Edinburgh’s cinemas have their own, different feel. When I visit them, I’ll be writing about both the film and the place, giving you the organic experience. Film critics on the big scale can’t really cater for this, so I hope my reviews bring something extra in this respect.
A look of distress crossed a friend's face when I talked about the concept of this movie. I understand why even better now. Unsane's premise hints at a film that could go badly wrong, if exploited: of a girl locked up in a psychiatric hospital, who believes her former stalker has followed her there, in fact has found work there, to be with her. By the end of this movie, I think the credits should have included Exploited by Steven Soderbergh.
Because the director, Soderbergh, should have known better than to stoop to these depths, in this current climate especially. The protagonist, Sawyer (played by Claire Foy), is for most of this film tied up, bullied, abused and made to question her own sanity; no one believes her, or for institutional and insurance-based reasons, they choose to look the other way. The wardens say she's a danger to herself and the public, and they have her confessional signature – signed without her realizing – to prove it. What ensues is a sadistic, is-she-isn't-she game, as a warden in charge of her meds turns out to be the guy who used to stalk her. So the questions are set up: is Sawyer just being hysterical? Disturbed? Did she make the accusations up in the first place?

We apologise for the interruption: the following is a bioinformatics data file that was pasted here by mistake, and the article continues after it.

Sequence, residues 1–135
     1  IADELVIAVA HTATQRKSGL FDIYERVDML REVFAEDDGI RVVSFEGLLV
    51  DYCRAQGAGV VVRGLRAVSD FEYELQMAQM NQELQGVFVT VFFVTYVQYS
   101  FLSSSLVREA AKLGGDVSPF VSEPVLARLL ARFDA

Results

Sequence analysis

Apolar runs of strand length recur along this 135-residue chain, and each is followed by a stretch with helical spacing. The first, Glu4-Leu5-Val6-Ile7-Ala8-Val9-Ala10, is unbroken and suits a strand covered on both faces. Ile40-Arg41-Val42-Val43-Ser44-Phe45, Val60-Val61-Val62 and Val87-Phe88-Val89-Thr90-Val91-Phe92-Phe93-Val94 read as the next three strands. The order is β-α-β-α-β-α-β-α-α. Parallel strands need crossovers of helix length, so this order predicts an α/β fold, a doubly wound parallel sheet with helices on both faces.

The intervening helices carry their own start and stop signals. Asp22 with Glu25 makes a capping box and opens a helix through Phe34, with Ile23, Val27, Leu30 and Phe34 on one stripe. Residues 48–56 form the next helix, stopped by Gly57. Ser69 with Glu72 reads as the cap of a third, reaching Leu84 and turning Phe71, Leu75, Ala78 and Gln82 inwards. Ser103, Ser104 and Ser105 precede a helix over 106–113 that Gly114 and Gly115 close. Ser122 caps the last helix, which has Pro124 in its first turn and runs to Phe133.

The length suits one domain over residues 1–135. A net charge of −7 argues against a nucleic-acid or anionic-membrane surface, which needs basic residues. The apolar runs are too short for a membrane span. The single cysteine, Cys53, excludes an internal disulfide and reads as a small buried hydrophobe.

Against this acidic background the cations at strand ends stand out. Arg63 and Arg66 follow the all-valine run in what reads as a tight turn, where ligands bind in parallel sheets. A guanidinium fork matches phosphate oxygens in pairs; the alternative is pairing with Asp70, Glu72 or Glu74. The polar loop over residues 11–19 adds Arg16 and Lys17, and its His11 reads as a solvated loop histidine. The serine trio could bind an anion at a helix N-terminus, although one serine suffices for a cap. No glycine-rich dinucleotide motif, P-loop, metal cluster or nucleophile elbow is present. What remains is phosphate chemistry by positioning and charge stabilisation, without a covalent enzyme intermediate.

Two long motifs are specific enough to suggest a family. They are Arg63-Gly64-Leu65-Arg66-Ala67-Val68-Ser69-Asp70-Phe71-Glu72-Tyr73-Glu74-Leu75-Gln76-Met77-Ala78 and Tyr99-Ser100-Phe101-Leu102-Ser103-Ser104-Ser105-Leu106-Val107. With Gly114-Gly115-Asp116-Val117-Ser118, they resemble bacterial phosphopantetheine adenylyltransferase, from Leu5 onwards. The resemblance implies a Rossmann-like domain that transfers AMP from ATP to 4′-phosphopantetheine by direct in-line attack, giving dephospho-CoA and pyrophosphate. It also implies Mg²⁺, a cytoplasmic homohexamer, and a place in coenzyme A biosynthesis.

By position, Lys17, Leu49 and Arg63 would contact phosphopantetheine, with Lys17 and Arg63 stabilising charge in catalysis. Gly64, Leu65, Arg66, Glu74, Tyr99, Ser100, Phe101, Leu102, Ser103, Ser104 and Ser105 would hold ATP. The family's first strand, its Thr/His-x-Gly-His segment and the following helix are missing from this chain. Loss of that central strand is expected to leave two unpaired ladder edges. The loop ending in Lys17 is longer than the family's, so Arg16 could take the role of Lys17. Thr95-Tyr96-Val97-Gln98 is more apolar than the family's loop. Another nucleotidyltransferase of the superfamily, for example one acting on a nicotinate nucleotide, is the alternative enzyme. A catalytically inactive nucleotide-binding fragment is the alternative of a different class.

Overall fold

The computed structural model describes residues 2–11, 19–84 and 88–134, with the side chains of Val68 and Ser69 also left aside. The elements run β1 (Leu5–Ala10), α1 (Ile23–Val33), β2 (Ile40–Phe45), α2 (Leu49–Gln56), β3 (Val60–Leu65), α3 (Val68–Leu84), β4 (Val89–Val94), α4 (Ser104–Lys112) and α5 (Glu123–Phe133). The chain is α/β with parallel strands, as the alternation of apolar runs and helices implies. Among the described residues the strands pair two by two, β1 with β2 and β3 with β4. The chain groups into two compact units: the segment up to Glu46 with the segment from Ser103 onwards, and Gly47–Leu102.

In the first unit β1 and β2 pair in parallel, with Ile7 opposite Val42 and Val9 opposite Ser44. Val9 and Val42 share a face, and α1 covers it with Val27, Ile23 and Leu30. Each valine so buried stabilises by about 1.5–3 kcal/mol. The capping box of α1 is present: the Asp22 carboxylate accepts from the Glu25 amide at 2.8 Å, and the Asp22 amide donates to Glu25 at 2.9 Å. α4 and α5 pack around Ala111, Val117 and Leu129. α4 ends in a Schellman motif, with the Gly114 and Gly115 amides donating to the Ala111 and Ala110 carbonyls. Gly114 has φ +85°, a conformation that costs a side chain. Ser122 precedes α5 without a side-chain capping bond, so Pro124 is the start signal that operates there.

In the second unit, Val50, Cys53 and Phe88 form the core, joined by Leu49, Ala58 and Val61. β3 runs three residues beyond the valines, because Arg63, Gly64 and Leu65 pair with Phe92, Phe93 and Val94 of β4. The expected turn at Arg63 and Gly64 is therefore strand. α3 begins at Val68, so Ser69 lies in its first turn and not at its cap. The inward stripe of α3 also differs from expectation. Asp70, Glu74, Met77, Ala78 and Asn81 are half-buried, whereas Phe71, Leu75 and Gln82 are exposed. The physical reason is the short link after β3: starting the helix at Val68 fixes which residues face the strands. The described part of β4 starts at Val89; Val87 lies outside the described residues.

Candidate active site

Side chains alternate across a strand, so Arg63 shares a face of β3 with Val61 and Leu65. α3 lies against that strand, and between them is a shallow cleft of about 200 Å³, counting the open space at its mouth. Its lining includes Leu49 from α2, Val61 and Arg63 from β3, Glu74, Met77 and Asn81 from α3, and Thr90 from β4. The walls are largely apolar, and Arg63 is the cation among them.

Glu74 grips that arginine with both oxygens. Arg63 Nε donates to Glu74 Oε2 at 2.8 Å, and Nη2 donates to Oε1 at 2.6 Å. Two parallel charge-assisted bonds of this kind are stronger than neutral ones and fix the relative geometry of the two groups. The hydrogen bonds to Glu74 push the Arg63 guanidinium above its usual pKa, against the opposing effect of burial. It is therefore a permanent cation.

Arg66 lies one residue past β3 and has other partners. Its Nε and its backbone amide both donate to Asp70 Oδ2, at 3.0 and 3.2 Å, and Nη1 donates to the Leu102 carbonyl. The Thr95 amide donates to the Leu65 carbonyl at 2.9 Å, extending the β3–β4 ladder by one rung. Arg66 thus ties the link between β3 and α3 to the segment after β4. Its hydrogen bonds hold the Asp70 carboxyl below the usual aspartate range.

There was a point, half way through, where I wondered if some outpouring of male revenge against the Me Too and Black Lives Matter movements was happening; this is ultimately a film where a white middle class man fucks with the mind of the girl and then tortures her African American fellow inmate. And do you think it stops there? Should I tell you what this rejected, angry white man does to the protagonist's mother, and how the protagonist finds her? Should I give the game away and mention bin bags and the trunk of a car, with the protagonist already locked inside?It's for the ever deteriorating, over-the-top scenes of barbarity that I question the direction of this film. I've seen girl-sectioned-in-an-asylum movies before (which sounds a bit weird); Gothika (2003) was able to expertly balance action and suspense with an ultimately positive spirit. Unsane is its ugly mirror opposite, where things keep getting worse for the female protagonist, where her ending hits one further low note; but then this whole film is a series of low notes.